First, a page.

Model 400 includes usage definition (usagedef) 410, which represents the usage referred to herein. Usage definition 410 include name 412 to identify the usage, and description 414 defines the usage. Usage definition 410 includes one or many relation fields 430, one or many data fields 440, and one or many action fields 450. Relation field 430 provides a mechanism for accessing UX relations (e.g., UX relation 330 of FIG. 3). Relation field 430 includes name 432 to identify the relation, description 434 to define the relation, type 436 to identify a class or type of the relation, and array 438 to indicate whether the relation is part of an array, or whether it is a single instance. Data field 440 provides a mechanism for accessing UX attributes (e.g., UX attribute 340 of FIG. 3). Data field 440 includes name 442 to identify the attribute, description 444 to define content of the attribute, type 446 to identify a type or class of the attribute, and array 448 to indicate whether the attribute is part of an array of attributes, or whether the attribute is a single instance. Action field 450 provides a mechanism for accessing UX actions (e.g., UX action 350 of FIG. 3). Similarly, action field 450 includes name 452 to identify the action, description 454 to define content of the action, type 456 to identify a type or class of the action, and array 458 to indicate whether the action belongs to an array, or whether the action is a single action. In one embodiment, data field 440 has one or many data fragments 470. Data fragment 470 includes name 472 or other identifier (e.g., a code, hash, or numeric value), and description 474 that describes the data fragment. Data fragments may be elements of data that are related to a particular attribute.

As mentioned above, usage definition 410 is associated with UX object 460. Technically, usage definition 410 could be associated with multiple UX objects, and thus there could be a line between the two with a diamond on usage definition 410. However, the line with arrows on either end is intended to demonstrate that an association is generated between a usage and a UX object, and is represented by the line. UX object 460 includes name 462 or an identifier (which may include its domain), and description 464. UX object 460 is an example of UX object 310 of model 300 of FIG. 3.

Usage definition 410 has a source identified by usage definition catalog (usagedefcat) 420. Usage definition catalog 420 is a repository of usages, and thus may contain multiple usages. At its core, usage definition 410 defines an interface for an application model that will invoke the usage. An application model may be limited to usage definitions that are part of a single usage definition catalog. Thus, usage definition catalog 420 may define what usages are available to a particular business application being developed. Usage definition catalog 420 includes name 422 to identify the catalog, and description 424 to define the catalog and its contents.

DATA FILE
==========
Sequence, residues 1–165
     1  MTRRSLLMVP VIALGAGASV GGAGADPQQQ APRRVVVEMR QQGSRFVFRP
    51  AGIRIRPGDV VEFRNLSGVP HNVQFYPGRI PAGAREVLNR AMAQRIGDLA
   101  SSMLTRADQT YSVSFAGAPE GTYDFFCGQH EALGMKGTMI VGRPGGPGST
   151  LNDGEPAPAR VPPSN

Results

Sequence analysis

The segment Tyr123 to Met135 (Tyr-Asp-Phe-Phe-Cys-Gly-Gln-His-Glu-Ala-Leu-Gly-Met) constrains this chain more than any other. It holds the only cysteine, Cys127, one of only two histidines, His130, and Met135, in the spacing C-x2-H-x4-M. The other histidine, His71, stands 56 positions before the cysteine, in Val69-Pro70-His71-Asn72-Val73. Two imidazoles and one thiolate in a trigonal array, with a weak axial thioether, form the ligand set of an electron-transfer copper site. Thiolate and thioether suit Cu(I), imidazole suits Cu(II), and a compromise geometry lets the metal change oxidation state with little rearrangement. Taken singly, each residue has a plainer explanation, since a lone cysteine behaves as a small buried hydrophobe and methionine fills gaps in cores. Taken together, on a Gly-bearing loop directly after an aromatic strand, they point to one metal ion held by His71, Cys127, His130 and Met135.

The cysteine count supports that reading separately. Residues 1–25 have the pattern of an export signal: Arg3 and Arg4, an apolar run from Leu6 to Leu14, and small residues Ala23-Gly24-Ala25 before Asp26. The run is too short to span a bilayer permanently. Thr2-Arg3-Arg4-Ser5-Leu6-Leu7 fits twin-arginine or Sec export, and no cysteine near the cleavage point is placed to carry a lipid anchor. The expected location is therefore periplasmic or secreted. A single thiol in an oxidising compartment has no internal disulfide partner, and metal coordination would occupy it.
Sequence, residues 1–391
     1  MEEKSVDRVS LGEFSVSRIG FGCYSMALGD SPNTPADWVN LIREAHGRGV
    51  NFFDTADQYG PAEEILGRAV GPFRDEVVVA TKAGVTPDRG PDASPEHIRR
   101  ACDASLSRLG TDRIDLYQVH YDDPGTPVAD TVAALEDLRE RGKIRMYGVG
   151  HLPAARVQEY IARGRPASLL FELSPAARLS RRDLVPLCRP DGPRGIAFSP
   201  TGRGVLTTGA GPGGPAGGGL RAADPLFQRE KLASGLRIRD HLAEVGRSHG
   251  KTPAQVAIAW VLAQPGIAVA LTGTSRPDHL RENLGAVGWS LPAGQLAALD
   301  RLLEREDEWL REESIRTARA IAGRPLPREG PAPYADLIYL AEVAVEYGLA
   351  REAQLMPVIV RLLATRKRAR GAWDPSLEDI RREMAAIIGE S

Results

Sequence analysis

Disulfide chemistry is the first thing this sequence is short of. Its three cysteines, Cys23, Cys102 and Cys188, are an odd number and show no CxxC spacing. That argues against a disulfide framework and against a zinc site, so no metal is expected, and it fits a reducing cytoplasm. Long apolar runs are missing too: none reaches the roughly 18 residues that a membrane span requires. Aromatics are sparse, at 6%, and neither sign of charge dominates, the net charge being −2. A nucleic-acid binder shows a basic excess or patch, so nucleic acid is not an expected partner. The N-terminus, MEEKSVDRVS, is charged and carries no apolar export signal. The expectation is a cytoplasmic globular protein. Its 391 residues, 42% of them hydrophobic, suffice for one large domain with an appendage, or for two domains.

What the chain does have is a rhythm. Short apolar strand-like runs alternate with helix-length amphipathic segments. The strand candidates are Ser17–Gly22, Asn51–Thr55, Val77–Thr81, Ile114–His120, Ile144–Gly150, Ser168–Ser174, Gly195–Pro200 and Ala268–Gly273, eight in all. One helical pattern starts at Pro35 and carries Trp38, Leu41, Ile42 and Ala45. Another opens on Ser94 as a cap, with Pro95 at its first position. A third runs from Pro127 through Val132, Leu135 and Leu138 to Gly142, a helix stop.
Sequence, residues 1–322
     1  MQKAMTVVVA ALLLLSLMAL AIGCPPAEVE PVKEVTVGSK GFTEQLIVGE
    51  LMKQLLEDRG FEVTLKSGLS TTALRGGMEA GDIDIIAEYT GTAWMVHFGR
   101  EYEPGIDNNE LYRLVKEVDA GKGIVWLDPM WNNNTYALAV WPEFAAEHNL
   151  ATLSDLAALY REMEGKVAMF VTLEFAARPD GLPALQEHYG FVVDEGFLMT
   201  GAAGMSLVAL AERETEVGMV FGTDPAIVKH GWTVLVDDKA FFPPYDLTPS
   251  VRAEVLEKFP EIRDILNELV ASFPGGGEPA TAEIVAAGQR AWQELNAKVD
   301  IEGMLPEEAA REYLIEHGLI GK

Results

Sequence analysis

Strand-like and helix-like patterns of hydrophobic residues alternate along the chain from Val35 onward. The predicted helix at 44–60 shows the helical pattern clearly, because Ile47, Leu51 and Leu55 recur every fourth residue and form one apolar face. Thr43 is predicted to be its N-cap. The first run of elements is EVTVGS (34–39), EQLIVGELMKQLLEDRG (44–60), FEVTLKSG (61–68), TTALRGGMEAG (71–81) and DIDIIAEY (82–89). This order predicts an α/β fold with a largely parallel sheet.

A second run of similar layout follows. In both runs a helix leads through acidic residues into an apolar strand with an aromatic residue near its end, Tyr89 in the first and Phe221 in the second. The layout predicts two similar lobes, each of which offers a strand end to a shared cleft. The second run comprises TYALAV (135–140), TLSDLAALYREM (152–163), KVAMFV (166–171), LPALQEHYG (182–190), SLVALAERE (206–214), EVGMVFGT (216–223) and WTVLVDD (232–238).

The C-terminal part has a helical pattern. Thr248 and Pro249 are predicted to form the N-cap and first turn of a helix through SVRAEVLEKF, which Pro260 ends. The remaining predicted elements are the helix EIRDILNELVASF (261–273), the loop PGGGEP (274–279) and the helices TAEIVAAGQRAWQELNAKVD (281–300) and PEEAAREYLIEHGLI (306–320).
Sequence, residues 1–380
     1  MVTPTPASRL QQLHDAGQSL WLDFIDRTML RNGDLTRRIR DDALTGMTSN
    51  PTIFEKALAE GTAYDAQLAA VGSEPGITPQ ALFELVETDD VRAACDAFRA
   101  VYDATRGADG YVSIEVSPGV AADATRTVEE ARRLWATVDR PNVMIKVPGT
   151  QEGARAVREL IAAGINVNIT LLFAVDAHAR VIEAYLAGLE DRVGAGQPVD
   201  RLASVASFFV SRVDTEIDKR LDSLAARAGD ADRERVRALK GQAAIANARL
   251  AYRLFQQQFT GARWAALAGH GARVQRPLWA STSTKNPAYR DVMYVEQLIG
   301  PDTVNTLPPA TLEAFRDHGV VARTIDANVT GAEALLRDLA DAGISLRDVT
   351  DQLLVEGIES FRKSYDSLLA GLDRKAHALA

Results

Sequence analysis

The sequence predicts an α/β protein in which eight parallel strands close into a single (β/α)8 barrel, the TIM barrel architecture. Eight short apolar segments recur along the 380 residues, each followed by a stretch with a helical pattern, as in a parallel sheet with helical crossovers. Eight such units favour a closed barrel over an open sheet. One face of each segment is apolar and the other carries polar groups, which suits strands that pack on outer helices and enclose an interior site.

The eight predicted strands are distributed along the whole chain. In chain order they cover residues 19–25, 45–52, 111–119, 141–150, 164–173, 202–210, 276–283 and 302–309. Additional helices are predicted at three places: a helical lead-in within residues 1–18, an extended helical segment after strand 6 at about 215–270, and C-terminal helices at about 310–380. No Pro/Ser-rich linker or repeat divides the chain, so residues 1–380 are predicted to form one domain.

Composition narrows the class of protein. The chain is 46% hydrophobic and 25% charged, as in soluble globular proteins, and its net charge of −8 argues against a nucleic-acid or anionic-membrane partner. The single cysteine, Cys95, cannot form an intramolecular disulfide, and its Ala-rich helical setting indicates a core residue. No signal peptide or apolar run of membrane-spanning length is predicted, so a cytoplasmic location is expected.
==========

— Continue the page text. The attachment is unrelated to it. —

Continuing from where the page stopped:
In one embodiment, model 400 includes derivations 416. By specifying one or more derivations 416, usages instantiated from model 400 can be extended, which may eliminate the need to specify equivalent fields for each instance. Although fields may thus have a “default,” they may still be overwritten. For example, consider a usage with a DataField “Title” for a ListUsage and a SpecialListUsage. The SpecialListUsage instance can be derived from ListUsage, and include the same attributes of ListUsage, and have additional attributes. Thus, each attribute can be defined independently in both usages, or the fields can be derived.

Note that the various attributes of usage model 400 (relation field 430, data field 440, and relation field 450) have logic defined in their respective descriptions. The logic defined for each is the business logic of the attributes, which collectively make up the business logic of a usage instantiated from model 400. Thus, the usage has business logic that is decoupled from any particular UX object, but that allows the usage to work together with UX objects. The attributes of the usage define the mechanisms available to the usage, which defines the attributes or object characteristics of a UX object that are accessible under a particular usage.

FIG. 5 is a block diagram of an embodiment of a system that generates a user experience data object for consumption by a client. System 500 represents an example of a server-client system, where the server generates and serves a UX object as described herein, and the client receives the UX object data. In one embodiment, client 570 is an active client, which has interfaces to directly operate on raw business data presented in a UX object. The active business client can thus directly operate on actionable context data or meta object, as well as interpret the data at runtime and generate a channel-specific UI to access and navigate UX objects. In one embodiment, the business context of the data associated with the UX object is a UI context, and data is selectively and progressively provided via client 570 to a user. The data can be sent as traditionally performed through requests, or client 570 can be a data feed consumer. Client 570 can be embodied in any of a number of end-user devices, including desktop or laptop computers, handheld devices, mobile wireless devices, etc. Client 570 includes UI component 572 that is generated to display data received (e.g., the UX object described below).